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Belgium in Brief: Bottom Of The Class

Credit: Belga/Engin Akyurt from Pexels

Today marks a strange edition of Belgium in Brief. For over 70 editions one thing has been a constant, the daily coronavirus figures for the country.

While they may have dropped lower on the list, or fallen from public interest, we have consistently reported the press conference and the numbers.

Since March, Sciensano has published the latest figures about the number of new infections, hospital admissions and deaths for the past 24 hours in Belgium on its website, every day at 11:00 AM.

Today, however, it didn’t – which we’ll explain further down.

With that being said, we’ll have the figures up as soon as we get them, so keep an eye on the website. 

With so much information, and so little time to catch up before it potentially changes again, here are some of the top stories from around the country to get you up to speed.

Belgium in Brief is a free daily roundup of the top stories to get you through your lunch break conversations. To receive it straight to your inbox every day, sign up below:



1. Belgian Coronavirus response ranks worst in global study

Belgium’s response to the coronavirus crisis has been deemed the bottom of the class, according to a new international study by the Economist Intelligence Unit (EIU).

The damning results from the EIU rank Belgium as doing the worst out of 21 OECD members, based on an assessment of three “quality of response” criteria (number of tests, provision of non-Covid-19 healthcare and the number of above-average excess deaths).

With a score of 2.11 out of a possible 4, Belgium ranked worse than Italy, Spain and the United Kingdom, who all ranked next worst with a score of 2.22. Read More.

2. Ghent removes Leopold II statue: ‘His criminal actions do not deserve tribute’

A bust of former Belgian King Leopold II will be taken down from display in Ghent, as part of a wider push in the country to face up to the legacy of the colonial ruler.

Currently sitting in Zuidpark, the statue will be officially removed on 30 June – a symbolic date to coincide with the anniversary of Congo’s independence in 1960 – the city announced on Thursday.

Under Leopold II’s colonial regime, millions of Congolese people died. Lack of reliable sources have made it difficult to form an accurate estimation, but modern estimates range from 1 million to 15 million. In recent years, a consensus of around 10 million deaths has been reached among historians. Read more.

3. Latest coronavirus figures delayed due to lab mistake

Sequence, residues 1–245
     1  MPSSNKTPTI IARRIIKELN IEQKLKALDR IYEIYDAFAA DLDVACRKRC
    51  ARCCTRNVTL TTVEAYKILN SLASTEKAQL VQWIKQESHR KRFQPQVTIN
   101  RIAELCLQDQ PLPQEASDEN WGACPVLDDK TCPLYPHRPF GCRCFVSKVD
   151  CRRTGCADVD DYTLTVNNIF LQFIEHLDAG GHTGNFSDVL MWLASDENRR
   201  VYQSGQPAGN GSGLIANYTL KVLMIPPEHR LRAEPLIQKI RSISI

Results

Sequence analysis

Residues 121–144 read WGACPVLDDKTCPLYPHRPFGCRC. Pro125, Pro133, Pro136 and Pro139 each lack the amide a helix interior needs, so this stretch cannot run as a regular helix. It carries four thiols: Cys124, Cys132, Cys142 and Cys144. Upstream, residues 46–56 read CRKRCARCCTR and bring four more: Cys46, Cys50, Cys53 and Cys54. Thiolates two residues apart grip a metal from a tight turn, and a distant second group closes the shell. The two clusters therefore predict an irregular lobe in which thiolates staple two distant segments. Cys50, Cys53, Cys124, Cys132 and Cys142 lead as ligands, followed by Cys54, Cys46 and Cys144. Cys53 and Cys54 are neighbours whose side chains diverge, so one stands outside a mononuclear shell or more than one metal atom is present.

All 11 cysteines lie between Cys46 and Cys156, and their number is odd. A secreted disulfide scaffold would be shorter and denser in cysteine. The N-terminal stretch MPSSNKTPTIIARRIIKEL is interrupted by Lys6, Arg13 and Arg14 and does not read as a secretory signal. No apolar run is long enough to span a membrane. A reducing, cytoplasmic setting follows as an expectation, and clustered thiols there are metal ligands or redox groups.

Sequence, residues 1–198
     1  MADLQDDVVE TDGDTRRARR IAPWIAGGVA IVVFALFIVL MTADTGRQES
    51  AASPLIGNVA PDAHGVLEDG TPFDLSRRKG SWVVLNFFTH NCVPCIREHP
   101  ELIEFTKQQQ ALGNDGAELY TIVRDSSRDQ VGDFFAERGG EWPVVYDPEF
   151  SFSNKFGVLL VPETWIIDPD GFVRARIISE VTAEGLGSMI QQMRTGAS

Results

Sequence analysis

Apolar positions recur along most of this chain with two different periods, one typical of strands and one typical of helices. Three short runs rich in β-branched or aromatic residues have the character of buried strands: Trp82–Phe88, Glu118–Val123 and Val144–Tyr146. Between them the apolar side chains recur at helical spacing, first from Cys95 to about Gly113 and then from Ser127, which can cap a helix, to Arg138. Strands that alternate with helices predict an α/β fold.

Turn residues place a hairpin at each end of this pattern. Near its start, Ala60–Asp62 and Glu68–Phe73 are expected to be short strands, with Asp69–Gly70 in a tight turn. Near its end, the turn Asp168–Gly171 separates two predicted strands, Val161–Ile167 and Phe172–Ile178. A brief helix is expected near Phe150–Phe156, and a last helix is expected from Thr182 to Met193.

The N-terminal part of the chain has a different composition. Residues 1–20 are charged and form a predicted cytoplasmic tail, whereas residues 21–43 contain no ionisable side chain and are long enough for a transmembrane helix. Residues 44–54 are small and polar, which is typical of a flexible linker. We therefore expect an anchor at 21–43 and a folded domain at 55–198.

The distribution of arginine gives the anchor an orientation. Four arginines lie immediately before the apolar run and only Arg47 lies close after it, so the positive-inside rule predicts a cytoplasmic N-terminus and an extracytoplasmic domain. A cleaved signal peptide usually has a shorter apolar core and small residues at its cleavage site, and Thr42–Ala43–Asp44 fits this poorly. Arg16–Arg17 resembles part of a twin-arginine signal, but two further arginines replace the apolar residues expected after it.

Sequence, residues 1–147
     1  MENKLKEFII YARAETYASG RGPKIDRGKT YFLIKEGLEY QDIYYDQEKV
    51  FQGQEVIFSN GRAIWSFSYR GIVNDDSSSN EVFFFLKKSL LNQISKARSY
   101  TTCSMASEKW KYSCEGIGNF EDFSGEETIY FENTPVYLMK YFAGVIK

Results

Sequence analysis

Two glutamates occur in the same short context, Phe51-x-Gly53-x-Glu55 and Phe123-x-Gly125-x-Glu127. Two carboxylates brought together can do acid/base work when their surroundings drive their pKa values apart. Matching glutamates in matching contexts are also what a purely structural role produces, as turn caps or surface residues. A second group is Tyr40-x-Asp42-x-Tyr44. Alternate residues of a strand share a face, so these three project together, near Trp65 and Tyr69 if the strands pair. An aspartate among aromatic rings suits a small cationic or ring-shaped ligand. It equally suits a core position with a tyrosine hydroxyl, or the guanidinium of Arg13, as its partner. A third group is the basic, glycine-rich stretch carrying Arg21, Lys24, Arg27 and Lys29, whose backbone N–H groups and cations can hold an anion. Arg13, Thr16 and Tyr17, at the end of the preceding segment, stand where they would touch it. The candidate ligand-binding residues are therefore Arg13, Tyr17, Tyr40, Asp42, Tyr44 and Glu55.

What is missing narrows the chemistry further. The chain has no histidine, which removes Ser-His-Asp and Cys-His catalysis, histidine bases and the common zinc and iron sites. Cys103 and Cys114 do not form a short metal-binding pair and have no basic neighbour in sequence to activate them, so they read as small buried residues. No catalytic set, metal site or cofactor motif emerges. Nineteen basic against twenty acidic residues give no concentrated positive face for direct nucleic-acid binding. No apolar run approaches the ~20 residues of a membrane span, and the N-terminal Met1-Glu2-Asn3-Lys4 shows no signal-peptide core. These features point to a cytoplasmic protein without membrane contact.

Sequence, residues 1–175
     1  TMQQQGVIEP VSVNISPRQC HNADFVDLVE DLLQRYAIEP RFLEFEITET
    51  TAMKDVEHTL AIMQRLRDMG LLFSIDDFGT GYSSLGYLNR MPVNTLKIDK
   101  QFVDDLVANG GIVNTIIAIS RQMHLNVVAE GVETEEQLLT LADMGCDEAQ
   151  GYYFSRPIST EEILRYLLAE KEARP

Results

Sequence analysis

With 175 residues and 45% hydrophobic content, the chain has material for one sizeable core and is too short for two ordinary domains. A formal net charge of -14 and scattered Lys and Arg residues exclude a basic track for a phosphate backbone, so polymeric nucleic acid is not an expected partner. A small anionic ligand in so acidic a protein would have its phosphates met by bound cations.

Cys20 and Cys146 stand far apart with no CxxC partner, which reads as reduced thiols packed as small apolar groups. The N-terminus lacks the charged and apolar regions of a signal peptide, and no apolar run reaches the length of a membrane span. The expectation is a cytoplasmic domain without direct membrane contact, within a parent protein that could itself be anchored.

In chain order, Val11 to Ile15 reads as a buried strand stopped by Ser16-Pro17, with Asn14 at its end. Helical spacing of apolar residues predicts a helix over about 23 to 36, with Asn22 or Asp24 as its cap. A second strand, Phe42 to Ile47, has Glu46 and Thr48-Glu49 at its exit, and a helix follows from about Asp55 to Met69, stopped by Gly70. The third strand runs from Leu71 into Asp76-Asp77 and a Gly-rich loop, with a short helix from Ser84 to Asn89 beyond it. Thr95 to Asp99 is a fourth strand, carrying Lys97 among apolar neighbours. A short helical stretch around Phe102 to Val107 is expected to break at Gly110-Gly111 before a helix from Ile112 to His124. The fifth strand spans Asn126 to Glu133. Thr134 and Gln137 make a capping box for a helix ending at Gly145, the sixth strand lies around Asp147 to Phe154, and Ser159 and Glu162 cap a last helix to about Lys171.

Belgium’s daily update on the new coronavirus figures for the past 24 hours has faced a delay on Thursday due to a mistake made in one of the laboratories.

One lab reported incorrect figures about the latest coronavirus infections to Sciensano, Belgium’s national health institute, on Thursday, causing a delay in the reporting of the new situation.

Since March, Sciensano has published the latest figures about the number of new infections, hospital admissions and deaths for the past 24 hours in Belgium on its website, every day at 11:00 AM. Read more.

4. Police chief acknowledges ‘slip-ups’, denies institutional racism

The head of the federal police spoke out against claims of institutional racism in the police on Thursday on Flemish radio.

After demonstrations in the United States denouncing police violence against African-Americans, a debate about police violence against racialised people started in Belgium.

Marc De Mesmaeker, Commissioner-General of the federal police, said he does not like the way this debate was launched. Read More.

5. Lockdown-exit group working on a coronavirus threat-level system

Experts tasked with steering Belgium out of the coronavirus lockdown are working on a threat-level system for the coronavirus pandemic.

The threat-level analysis would work similarly to the five-level system currently used to rate the threat of terrorism at any given moment in the country.

For each level in the system there would be a series of accompanying measures which could be applied throughout the country or at a more local level, De Standaard reports. Read more.

6. Airport temperature checks break data privacy laws

The temperature checks imposed on passengers at Brussels Airport are prohibited by Belgium’s and the EU’s data privacy laws, Belgium’s data privacy watchdog said.

In an online statement, Belgium’s Data Protection Authority (GBA/APB) said laws did not allow airports to harvest and process people’s health data with the use of advanced technology.

In order to resume air travel, Brussels Airport imposed mandatory body temperature checks to all passengers entering the terminal. Any traveller who has a temperature above 38ºC has to go through a second check and fill up a questionnaire. Read more.

7. Belgium warned that new elections could be inevitable by September

Elections cannot be avoided if there is no government by September, Flemish House Christian-democrat leader Servais Verherstraeten told Bel RTL on Thursday.

September will be “a very important political moment,” Verherstraeten said, as it marks the end of the confidence placed in Prime Minister Sophie Wilmès’ minority government.

Verherstraeten said again that the parties currently in government (Verherstraeten’s CD&V and Belgium’s two liberal parties, MR and Open Vld) want to form a majority government. Read More.

Jules Johnston
The Brussels Times

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